After nearly a decade together, Crash the Satellites has established themselves as one of the more well-regarded veteran bands in Northeast Florida’s explosive music scene, and 2013 is looking to be their biggest year yet. “This is the next band to be genuinely excited about,” according to the Orlando Weekly. Vents Magazine writes, “Indie rock has not been presented this innovatively since the Foo Fighters came onto the scene.” Crash the Satellites was recently named on Rockadia’s Top 100 chart Rock New Releases for their latest self-titled album (Spectra Records). “Indeed this band has proven themselves as real contenders with a Gold Standard release and they show much in the way of promise with extreme potential this Summer,” says The Muse’s Muse. Their music has been described as potent, melodic, soulful, and innovative with complex and inspired lyrics drawing comparisons to bands such as R.E.M., Death Cab for Cutie, Dinosaur Jr., Built to Spill and Nirvana.
Crash the Satellites was formed in 2003 around the vision of singer/guitarist Paul Paxton, self-taught on the instrument from age 12. “A father figure also helped me along. He would very seldom play, only in frustration. I can’t even describe how amazing it sounded,” he recalls. “We didn’t have much money, so he encouraged me to practice on the beautiful old guitars of his youth. I played until I couldn’t feel my fingers. He taught me that music could ease frustration.” He co-founded the group with drummer Julia Gregory, who is also a trained modern dancer; they met as teenagers and played together in Clarity, one of Paxton’s first bands.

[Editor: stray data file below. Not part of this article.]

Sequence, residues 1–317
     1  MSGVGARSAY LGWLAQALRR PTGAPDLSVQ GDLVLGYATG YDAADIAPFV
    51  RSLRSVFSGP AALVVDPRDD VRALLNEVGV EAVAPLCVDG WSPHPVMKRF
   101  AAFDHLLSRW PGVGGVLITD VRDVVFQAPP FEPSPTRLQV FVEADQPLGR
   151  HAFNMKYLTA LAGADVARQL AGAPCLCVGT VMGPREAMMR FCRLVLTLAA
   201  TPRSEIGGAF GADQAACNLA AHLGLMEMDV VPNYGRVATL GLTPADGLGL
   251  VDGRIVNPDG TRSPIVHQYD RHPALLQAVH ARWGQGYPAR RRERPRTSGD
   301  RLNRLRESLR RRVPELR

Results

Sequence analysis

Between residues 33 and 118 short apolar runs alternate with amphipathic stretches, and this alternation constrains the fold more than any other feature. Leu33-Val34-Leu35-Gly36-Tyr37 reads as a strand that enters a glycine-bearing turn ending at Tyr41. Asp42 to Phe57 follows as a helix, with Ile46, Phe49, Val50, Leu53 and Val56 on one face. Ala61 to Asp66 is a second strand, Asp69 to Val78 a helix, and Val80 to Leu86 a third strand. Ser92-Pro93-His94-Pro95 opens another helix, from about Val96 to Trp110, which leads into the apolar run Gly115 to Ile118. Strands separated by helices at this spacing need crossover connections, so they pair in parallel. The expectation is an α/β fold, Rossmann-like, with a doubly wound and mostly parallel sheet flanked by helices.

The band also includes original member Brian Blades, a DASOTA graduate with years of training already behind him. Besides his guitar work and contributions to the songwriting process, Blades also oversaw most of the recording and mixing of the new album at his own home. Paxton praises his “innovative and unconventional techniques”, resulting in “an edgy, yet dynamic marriage of sweat and sadistic dark melodies exploding, and then apologizing.” Bassist Chris Gibson is a longtime friend of the band, and a co-founder of The Julius Airwave whose style, while delicate and melodic at times, will be appreciated by new listeners as a thunderous wall of growly distorted bass that is atypical of most bands.
The band has played bars, clubs, concert-halls and festivals throughout the region, sharing stages along the way with artists like Red Jumpsuit Apparatus, Juliette Lewis and the Licks, Evergreen Terrance, Rainer Maria, the Mooney Suzuki, Manchester Orchestra, and Poster Children, earning praises from fans and critics alike. “[G]reat indie rock that packs a punch; it’s great stuff,” writes Void Magazine. “Per usual, they kill it on their live shows and captivate crowds with their obvious love for music.” EU writes, “To be present at a Crash the Satellites show is to be reminded of what rock music can be…the incredible energy CTS funnels into songwriting and performing takes an audience by surprise and holds them captive.”
Crash the Satellites has been featured in the Florida Times-Union and on WJCT; their music has been used on the VEER! Soundtrack and in a commercial for Mizuno.